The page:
How Good is the Internet?

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The internet has collected and codified an inconceivably massive amount of the world’s information, and in doing so it has even had a (conceptual) effect on the physical world. As an overwhelming volume of information is sent from every corner of the world to every other one, the internet allows us to completely bypass physical barriers of communication. My favourite expression of this idea comes from the magnificent Editors’ Note of feeeels Magazine Vol. 1, titled Reality Bites: “As the World Wide Web enters its fourth decade, it is tempting to believe that the world is, in fact, flat. Not in the ways that Reddit’s conspiracy-theorists would argue…, but in how the internet has compressed space, time, and human experience in previously inconceivable ways. The formerly tangible — news, money, letters, photos — move through space with new fluidity and at unprecedented speeds, as if all physical barriers have been leveled.” 

I don’t think that it would be too much of an exaggeration for me to say that I discovered most othe things I know from the internet. The sheer volume of varied information coupled with the incredible accessibility of the almighty Google search makes the internet the world’s primary source of information. What better evidence is there of the significance of the internet? Knowledge is power, after all.

The internet also serves as the most important social and entertainment platform. Over lockdown, I personally found it very useful for staying in contact with friends. There’s also an infinite amount of cool things on the internet that I have, and will surely continue to marvel at for hours on end. For example, I recently discovered one of the best websites I’ve ever had the pleasure of stumbling upon, everynoise.com. It’s a map of thousands of musical genres from all over the world. Clicking on any of the genres plays a short clip of a song from that genre, and if you like what you hear, you can see that genre’s page, containing a map of dozens of artists who work within it. Better yet, you can then click on any of those artists to hear a clip from one of their songs, and as if that wasn’t enough, there’s also a Spotify link to each of their pages, and a Spotify playlist containing all of the songs ascribed to the genre. This website clearly took a ton of effort to create, and it really pays off. So far I’ve sunk hours upon hours into this site, discovering new music and having a great time, and as much as this might feel like a rambling tangent, I think that being able to access things like everynoise is a significant benefit of the internet.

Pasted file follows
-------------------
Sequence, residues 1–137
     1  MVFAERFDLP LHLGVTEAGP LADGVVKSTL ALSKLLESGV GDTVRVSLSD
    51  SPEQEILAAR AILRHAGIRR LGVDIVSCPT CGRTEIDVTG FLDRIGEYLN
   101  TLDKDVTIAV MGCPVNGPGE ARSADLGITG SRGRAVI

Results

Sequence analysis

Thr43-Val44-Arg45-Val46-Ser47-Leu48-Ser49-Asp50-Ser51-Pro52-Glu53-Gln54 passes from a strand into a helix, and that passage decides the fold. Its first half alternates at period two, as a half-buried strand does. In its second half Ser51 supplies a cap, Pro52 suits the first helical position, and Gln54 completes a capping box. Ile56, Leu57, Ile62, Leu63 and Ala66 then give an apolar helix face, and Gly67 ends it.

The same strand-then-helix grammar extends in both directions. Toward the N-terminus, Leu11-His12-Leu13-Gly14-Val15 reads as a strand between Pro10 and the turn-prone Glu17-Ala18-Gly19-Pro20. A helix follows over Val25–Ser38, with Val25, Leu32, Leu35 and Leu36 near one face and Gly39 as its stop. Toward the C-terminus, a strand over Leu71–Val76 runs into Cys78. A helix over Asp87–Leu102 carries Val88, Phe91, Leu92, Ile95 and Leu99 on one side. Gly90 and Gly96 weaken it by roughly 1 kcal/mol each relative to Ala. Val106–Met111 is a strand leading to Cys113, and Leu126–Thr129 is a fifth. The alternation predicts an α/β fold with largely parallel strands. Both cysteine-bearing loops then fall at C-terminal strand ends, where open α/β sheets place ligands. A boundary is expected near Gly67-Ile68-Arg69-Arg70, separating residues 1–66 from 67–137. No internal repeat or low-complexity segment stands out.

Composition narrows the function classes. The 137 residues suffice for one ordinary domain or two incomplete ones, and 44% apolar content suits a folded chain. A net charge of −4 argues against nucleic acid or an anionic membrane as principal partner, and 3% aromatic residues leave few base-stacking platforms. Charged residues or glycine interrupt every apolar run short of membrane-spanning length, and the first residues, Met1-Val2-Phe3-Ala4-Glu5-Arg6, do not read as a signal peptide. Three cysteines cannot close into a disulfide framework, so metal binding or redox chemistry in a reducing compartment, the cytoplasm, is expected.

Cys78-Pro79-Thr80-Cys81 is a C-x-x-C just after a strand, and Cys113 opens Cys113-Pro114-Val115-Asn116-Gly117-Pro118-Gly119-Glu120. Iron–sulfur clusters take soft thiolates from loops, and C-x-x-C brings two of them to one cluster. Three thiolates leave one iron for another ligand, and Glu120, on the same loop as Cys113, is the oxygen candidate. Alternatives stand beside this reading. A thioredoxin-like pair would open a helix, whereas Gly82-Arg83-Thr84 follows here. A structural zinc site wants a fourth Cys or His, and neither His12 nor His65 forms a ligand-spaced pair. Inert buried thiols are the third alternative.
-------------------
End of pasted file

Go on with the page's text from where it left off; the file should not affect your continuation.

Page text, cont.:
Switching to a more public-interest oriented viewpoint, the internet is also the people’s greatest tool for collaboration. Since the internet permeates the lives of virtually everyone, and since anyone can share any idea on itinternet users can spread awareness about issues and influence actual change.